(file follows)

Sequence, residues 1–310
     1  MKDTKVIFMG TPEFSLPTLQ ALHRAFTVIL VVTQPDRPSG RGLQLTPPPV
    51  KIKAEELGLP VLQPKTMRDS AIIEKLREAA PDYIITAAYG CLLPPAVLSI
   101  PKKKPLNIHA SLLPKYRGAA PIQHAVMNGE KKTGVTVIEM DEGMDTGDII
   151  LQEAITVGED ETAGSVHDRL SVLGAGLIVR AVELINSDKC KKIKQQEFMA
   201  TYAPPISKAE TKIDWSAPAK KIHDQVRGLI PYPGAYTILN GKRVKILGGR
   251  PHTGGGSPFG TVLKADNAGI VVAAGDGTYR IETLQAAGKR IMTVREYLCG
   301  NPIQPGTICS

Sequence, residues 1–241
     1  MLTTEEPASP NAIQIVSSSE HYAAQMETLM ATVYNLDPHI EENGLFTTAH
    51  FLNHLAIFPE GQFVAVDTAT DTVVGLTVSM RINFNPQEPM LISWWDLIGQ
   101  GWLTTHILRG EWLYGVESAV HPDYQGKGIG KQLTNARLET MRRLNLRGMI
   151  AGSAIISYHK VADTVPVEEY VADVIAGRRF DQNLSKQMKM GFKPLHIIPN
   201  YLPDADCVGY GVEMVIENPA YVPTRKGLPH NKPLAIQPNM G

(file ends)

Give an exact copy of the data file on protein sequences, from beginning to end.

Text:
Sequence, residues 1–310
     1  MKDTKVIFMG TPEFSLPTLQ ALHRAFTVIL VVTQPDRPSG RGLQLTPPPV
    51  KIKAEELGLP VLQPKTMRDS AIIEKLREAA PDYIITAAYG CLLPPAVLSI
   101  PKKKPLNIHA SLLPKYRGAA PIQHAVMNGE KKTGVTVIEM DEGMDTGDII
   151  LQEAITVGED ETAGSVHDRL SVLGAGLIVR AVELINSDKC KKIKQQEFMA
   201  TYAPPISKAE TKIDWSAPAK KIHDQVRGLI PYPGAYTILN GKRVKILGGR
   251  PHTGGGSPFG TVLKADNAGI VVAAGDGTYR IETLQAAGKR IMTVREYLCG
   301  NPIQPGTICS

Sequence, residues 1–241
     1  MLTTEEPASP NAIQIVSSSE HYAAQMETLM ATVYNLDPHI EENGLFTTAH
    51  FLNHLAIFPE GQFVAVDTAT DTVVGLTVSM RINFNPQEPM LISWWDLIGQ
   101  GWLTTHILRG EWLYGVESAV HPDYQGKGIG KQLTNARLET MRRLNLRGMI
   151  AGSAIISYHK VADTVPVEEY VADVIAGRRF DQNLSKQMKM GFKPLHIIPN
   201  YLPDADCVGY GVEMVIENPA YVPTRKGLPH NKPLAIQPNM G